Congratulations to Warriors at Ease for their award from the Smithsonian Institution, presented at the opening gala for the new exhibit Yoga: The Art of Transformation.
Part 1: Fundamentals of Teaching Yoga and Meditation in Military Communities
In the first part of the course you will learn:
- Key distinctions between “yogic culture” and “military culture” and why they matter
- Basic information about military culture, history, structure, values, norms, and attitudes
- Cultural sensitivity skills critical to a teacher’s success and effectiveness
- Ways to introduce yoga/meditation that enhance your students’ receptivity and focus on their concerns
- Ways to create a safe learning container and why this is crucial for working with those suffering from trauma
- A basic understanding of war-related traumatic stress, PTSD (Post Traumatic Stress Disorder), and TBI (Traumatic Brain Injury)
- Practical guidelines for working with student’s emotional reactions in class
- Strategies and tips for initiating a class or workshop series in military facilities and communities
Part 2A: Teaching Trauma-Sensitive Meditation
Part 2B: Advanced Teaching Skills for Addressing Combat-Related Issues
In the second part of the course you will learn:
1. Teaching trauma sensitive meditation: guidelines and precautions
2. Trauma-sensitive yoga teaching guidelines and precautions, as well as adaptive yoga asana sequence protocols and modifications for these military populations:
- able-bodied service-members with and without PTSD
- older veterans with chronic physical illness and PTSD
- veterans with MST (military sexual trauma)
- veterans suffering from major physical illness, TBI, spinal cord injuries and amputations
- veterans and service-members in wheelchairs
3. The neurophysiology of PTSD and how sensory processing can be affected by war-related trauma.
4. How to incorporate applicable sensory integration treatment principles and techniques into a yoga class for military personnel or combat veterans to maximize healing.
5. Pranayama (breathing) techniques that are most effective in reducing hyper-arousal.
6. How to address PTSD, TBI, amputations, spinal cord injuries and combat-related stress by using sensory-based strategies, yoga and meditation to improve psychological health and help alleviate the symptoms of PTSD and improve resiliency and self-regulation.
Earning your Part 1 and Part 2A and Part 2B Certificate of Completion requires participation in all residential training sessions and successful passage of practice teaching sessions. If you wish to be certified, after completion of Part 1 and Part 2A and Part 2B you can apply for Part 3: Mentoring to complete your certification.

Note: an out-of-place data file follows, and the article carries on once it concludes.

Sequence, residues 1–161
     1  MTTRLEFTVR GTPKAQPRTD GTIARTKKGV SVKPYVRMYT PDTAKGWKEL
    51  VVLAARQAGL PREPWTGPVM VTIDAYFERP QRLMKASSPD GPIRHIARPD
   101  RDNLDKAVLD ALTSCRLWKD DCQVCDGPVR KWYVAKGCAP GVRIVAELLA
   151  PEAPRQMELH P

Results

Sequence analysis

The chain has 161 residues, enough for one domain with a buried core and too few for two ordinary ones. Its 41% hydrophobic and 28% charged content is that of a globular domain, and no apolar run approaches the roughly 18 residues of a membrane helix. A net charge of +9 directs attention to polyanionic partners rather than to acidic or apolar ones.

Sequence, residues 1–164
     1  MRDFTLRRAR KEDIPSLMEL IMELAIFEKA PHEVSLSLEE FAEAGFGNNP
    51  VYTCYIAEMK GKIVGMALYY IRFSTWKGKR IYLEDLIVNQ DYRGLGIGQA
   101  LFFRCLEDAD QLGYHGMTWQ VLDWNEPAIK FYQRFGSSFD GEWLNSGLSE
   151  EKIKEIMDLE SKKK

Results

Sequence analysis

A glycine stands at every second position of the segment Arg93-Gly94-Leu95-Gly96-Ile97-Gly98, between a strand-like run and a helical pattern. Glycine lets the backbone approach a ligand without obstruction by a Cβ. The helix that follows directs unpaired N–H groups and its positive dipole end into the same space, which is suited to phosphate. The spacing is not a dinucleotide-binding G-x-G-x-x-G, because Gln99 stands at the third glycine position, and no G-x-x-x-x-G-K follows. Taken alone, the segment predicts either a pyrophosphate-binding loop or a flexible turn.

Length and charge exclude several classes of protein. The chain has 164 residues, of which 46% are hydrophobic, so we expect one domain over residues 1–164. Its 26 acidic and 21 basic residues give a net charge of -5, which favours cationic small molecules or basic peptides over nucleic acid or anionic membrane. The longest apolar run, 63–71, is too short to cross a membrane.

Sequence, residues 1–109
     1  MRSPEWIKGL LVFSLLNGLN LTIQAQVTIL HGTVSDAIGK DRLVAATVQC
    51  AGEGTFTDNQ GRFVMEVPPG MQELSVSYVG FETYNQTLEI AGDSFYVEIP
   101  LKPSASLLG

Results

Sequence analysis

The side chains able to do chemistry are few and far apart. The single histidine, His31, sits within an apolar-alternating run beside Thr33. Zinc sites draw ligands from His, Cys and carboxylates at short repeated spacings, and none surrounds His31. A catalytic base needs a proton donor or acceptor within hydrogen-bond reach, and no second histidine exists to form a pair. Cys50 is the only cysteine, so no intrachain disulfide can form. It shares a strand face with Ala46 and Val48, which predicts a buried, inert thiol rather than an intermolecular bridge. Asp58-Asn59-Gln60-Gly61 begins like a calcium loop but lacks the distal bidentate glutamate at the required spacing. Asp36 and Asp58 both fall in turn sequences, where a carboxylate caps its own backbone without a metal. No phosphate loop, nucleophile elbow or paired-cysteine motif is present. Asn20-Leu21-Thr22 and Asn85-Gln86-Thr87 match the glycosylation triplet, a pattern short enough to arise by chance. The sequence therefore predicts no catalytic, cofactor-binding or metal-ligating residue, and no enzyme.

Minimum 200-hour yoga or meditation teacher training certification required.
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~ Thank you so much for your time, energy, and intention. The class was very organized, provided excellent materials, was on-time and gave me invaluable information. I am so glad I chose to take this course. Excellent work ladies! I would definitely recommend this class to others!
~ This course was GREAT, GREAT, GREAT !!! Thank you for the untold hours of love and devotion that have gone into developing your work and this class. The course was impeccably organized…packed with useful information…and extremely generous. It was a joy to sense how lovingly you work together.
~ I think my world has become bigger because of this class.
~ Your generosity is incredible. You have established an inspiring model of collaboration, generosity and excellence.
~ I feel better prepared in every way, not only in working with the military but also working with the homeless, bereavement groups and substance abuse groups, which are populations I am offering [classes] until now.
- able-bodied service-members with and without PTSD • older veterans with chronic physical illness and PTSD
- Teaching trauma sensitive meditation: guidelines and precautions
- Trauma-sensitive yoga teaching guidelines and precautions, as well as adaptive yoga asana sequence protocols and modifications for these military populations:
• veterans with MST (military sexual trauma)
• veterans suffering from major physical illness, TBI, spinal cord injuries and amputations
• veterans and service-members in wheelchairs